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A Brief on Capital Gain Tax

A Brief on Capital Gain Tax

Any profit or gain that emerges from the sale of a ‘capital asset’ which can be either property or any investment, is called as capital gain. This gain or profit falls under the category of income, so you will have to pay tax for that amount in the year in which the transfer of the capital asset takes place. This is called as the capital gains tax, and it can be short-term or long-term.

Capital gains are not applied to an inherited property as there is no sale of the asset and only a transfer of ownership. Assets received as gifts by way of inheritance or will has been exempted by The Income Tax Act. But if the person who inherited the asset decides to sell it, capital gains tax will be applicable.

Defining Capital Assets

Any Land, building, house or property, vehicles, patents, trademarks, leasehold rights, machinery, jewellery comes under the capital assets. It also includes having rights in or in relation to an Indian company.

Types of Capital Assets

This is broadly divided into two categories – Short term and Long Term Capital assets.

  1.  Short-term capital asset – Any asset if held for a period of 36 months or less is termed as a short-term capital asset. From the FY 2017-18, the criteria of 36 months have been reduced to 24 months only for immovable properties such as land, building and house property.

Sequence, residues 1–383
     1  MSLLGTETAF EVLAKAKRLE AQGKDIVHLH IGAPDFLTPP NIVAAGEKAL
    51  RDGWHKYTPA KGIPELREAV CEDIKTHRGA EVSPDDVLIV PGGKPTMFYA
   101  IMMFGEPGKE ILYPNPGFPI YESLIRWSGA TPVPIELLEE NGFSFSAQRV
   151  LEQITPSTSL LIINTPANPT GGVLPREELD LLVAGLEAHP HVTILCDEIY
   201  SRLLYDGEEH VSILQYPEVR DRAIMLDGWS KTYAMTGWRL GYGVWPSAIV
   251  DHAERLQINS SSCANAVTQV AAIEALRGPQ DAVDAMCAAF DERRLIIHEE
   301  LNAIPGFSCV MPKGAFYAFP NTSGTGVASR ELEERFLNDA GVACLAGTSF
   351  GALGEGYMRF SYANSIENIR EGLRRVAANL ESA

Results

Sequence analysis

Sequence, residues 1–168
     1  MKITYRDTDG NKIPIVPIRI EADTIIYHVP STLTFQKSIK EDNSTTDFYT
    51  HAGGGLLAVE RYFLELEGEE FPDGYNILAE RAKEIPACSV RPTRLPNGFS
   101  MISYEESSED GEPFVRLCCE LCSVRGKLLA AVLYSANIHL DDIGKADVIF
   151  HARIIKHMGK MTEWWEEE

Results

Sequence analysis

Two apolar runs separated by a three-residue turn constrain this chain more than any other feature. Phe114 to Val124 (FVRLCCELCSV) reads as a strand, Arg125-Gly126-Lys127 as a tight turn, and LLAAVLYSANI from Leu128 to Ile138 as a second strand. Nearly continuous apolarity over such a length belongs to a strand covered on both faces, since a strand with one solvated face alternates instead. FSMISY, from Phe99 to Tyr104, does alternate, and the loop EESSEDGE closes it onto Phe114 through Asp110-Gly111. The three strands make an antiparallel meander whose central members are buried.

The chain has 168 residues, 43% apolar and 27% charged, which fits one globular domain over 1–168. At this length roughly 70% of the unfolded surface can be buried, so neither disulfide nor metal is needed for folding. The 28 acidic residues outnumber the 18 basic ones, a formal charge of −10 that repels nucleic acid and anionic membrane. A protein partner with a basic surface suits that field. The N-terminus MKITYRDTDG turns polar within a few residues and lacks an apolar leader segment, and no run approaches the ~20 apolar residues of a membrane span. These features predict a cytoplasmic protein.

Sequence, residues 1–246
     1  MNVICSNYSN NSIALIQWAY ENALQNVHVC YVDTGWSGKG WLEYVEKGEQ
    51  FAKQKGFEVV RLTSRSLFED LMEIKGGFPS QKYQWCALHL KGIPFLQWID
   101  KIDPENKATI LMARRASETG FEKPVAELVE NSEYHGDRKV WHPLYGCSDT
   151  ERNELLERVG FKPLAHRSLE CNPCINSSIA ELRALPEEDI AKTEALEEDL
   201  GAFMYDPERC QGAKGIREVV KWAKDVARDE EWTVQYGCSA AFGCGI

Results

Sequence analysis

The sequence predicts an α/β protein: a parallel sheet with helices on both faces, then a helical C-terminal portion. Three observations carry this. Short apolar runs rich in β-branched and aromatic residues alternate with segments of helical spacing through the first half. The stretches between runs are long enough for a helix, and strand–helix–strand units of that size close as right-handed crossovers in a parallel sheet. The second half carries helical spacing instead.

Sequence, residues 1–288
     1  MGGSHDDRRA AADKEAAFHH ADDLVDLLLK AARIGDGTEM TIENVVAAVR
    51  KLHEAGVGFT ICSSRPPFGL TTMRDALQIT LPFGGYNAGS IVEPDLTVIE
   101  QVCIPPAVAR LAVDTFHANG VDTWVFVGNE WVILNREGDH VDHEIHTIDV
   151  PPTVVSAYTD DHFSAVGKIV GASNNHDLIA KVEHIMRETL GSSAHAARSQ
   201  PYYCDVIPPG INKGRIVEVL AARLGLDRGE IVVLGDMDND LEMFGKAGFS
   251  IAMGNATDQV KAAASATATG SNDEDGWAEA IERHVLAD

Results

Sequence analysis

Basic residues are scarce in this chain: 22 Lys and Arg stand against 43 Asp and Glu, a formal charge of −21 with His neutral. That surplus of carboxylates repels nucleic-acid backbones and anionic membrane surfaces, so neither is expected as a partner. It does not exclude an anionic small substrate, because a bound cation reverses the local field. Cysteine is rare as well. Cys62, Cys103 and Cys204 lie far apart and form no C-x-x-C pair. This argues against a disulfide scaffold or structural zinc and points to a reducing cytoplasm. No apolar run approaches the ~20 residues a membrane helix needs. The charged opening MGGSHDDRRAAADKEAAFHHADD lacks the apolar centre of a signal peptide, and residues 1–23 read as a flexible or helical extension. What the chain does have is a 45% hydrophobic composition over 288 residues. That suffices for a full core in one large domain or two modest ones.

For instance, if you sell any house or property after holding it for a minimum period of 24 months, any income arising will be treated as long-term capital gain provided that property is sold after the financial year end as on 31st March 2017.

  1. Long-term capital asset – Any asset which is held for over 36 months is called a long-term capital asset. The reduced period of 24 months is not applicable to movable property such as jewellery, debt-oriented mutual funds etc. They are classified as long-term capital asset if they are held for more than 36 months.

Some assets are considered short-term capital assets even if they are held for 12 months or less. This is applicable if the date of transfer is post 10th July 2014 (where the date of purchase is not relevant).

These assets include:

  1. Equity/shares of a company listed in a recognized stock exchange in India
  2. Debentures, bonds, government securities etc, listed on any recognized stock exchange in India
  3. Units of equity oriented mutual fund, UTI and Zero coupon bonds either quoted or otherwise.

If an asset is acquired by gift, will, succession or inheritance, the period for which the asset was held by the previous owner is also included while   determining if it’s a short term or a long-term capital asset. For bonus and rights shares, the period of holding is counted from the date of allotment of bonus shares or rights shares respectively.

Tax on Equity and Debt Mutual Funds –

Gains from the sale of debt funds and equity funds are managed differently. Any fund that invests heavily in equities which are more than 65% of their total portfolio is called an equity fund.

Debt Funds –

  • For Sort Term Gains – At Tax slab rates of individual
  • For Long Term Gains – At 20% with indexation

Tax Rules for Debt Mutual Funds –

To be qualified as a long term capital asset, any Debt mutual funds have to be held for more than 36 months. So you have to remain invested in these funds for at least 3 years to get the benefit of long-term capital gains tax. If redeemed within 3 years, the capital gains will be included in your income and taxed as per your income tax slab rate.


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